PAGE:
Phoenix, AZ – Rain is a rarity in Phoenix but when the storms pass the sun shines brighter in the desert. This weekend brought the NFL Superbowl, an array of stars, and with the excitement of both the New England Patriots and the Seattle Seahawks in town, it could have been easy to miss the music. But Friday night a few iconickings of Hip-Hop called the Celebrity Theater their home. Seats were filled with fans who were clearly there to have a good time. Even staff workers could be seen excitedly waiting for some of their favorite artists to hit the stage.
The crowd that filled the seats within the theater were all about having a good time as they danced in aisles, threw hands up in the air as DJ Bilal made sure to keep the crowd enthralled and entertained in between sets. Fans waited impatiently for Big Daddy Kane to hit the stage, but when he did, the crowd reacted as expected. He strolled through the pathway that led to the rotating stage and the crowd went into a frenzy of cheers and applause. Decked out in an all-white suite you could still see how fresh and clean he keeps his shell-top Adidas. Big Daddy Kane took to that stage like he was born to rock it. He moved like a young soul, kicking off his hits like “Ain’t No Half-Steppin’,” “Raw,” and “Set It Off.” He fed off the energy of his fans, giving it back to all of them tenfold. He brought the show, with back up dancers clad in white as well, and his DJ even gave surprise guest, and Rock Steady Crew member,Case One a run for his money with his own windmills. It was just that easy for Big Daddy Kane and his crew.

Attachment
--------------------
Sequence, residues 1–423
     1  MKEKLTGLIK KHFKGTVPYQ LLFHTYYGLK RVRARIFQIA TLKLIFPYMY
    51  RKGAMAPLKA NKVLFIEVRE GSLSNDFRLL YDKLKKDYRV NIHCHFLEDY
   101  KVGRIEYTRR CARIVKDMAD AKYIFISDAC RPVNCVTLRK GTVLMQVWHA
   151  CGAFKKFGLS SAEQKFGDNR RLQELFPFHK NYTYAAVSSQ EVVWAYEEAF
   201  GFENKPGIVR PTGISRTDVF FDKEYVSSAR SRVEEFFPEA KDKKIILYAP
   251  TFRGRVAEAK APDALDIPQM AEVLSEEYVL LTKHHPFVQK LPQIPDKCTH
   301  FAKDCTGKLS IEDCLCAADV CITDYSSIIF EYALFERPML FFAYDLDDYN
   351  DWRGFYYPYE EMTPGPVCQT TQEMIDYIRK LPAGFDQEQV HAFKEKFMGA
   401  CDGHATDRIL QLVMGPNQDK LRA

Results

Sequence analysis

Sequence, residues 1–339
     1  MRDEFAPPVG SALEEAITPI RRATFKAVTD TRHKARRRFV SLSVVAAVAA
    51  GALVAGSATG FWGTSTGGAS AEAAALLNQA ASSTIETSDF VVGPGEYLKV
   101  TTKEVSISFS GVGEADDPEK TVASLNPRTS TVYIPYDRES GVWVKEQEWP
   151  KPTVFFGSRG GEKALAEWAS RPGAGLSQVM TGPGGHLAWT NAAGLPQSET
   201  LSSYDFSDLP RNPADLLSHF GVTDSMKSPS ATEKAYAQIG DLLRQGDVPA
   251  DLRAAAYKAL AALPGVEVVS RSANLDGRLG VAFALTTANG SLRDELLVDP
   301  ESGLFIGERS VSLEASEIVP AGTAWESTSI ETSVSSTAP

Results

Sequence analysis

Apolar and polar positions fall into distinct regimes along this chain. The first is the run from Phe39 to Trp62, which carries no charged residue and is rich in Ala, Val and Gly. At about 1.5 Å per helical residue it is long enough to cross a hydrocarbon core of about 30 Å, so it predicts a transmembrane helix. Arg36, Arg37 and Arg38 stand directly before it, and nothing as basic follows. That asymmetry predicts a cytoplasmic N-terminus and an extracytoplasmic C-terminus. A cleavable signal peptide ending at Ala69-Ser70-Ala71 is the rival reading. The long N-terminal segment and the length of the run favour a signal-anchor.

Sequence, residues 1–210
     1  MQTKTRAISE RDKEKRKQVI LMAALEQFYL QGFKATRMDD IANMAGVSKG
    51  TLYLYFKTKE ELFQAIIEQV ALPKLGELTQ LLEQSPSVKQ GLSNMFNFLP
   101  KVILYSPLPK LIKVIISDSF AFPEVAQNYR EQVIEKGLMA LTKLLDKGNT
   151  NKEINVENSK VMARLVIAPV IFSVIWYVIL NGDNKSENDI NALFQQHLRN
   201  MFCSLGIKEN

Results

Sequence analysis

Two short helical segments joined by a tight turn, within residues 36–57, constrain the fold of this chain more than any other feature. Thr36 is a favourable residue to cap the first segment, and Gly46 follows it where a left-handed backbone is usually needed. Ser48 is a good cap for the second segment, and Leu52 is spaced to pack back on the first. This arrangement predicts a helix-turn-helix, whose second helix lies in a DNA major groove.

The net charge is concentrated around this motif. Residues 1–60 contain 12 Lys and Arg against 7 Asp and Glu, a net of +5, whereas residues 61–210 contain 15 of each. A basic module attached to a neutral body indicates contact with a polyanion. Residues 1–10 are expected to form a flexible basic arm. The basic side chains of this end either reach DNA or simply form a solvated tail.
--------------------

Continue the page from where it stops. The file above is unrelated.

Everyone was ready for the party to keep on going and they didn’t have to wait that long. You could make out shadowy figure waiting in the wings before KRS-One exploded onto the stage. When the Teacher took the mic all were anticipating his words. The philosopher never stood still as he busted through anthemic tracks like “South Bronx,” which had fists pumping in the air to “Sound Of Da Police,” one song that makes a powerful statement in this day and age. KRS-One was as animated as any artist could be, moving from one side of the stage to the other quickly while blowing the crowd away with his prose. If anyone could ever claim to be Hip-Hop, it would be KRS-One. At the end of his set he invited all B-boys from the audience to the stage which filled it with pop-lockers and breakers. This is one factor that makes this culture what it is; unity without color lines.
Time passed slowly in between sets as the crowed waited for the final act to hit the stage. It was the god. The legend, that Suffolk County kid, Rakim. He seemed to be the most stoic, shuffling onto the stage with a B-boy swagger and a confidence that’s matched by his tour mates. With Rakim, he doesn’t need to move quickly, his style doesn’t call for his. The only thing to move quickly when it needs are his vocals when it calls for it. This is one artist that isn’t in need for hit tracks to make a crowd move as he opened with “Microphone Fiend” and followed up with “I Ain’t No Joke,” “Don’t Sweat The Technique,” Follow The Leader,” “Juice (Know The Ledge)” and so many others. Rakim apologized for being late but he made up with it with the love he obviously showed the fans.
Superfest2k15, a smash even before any artist hit the stage.
– Eddie Ugarte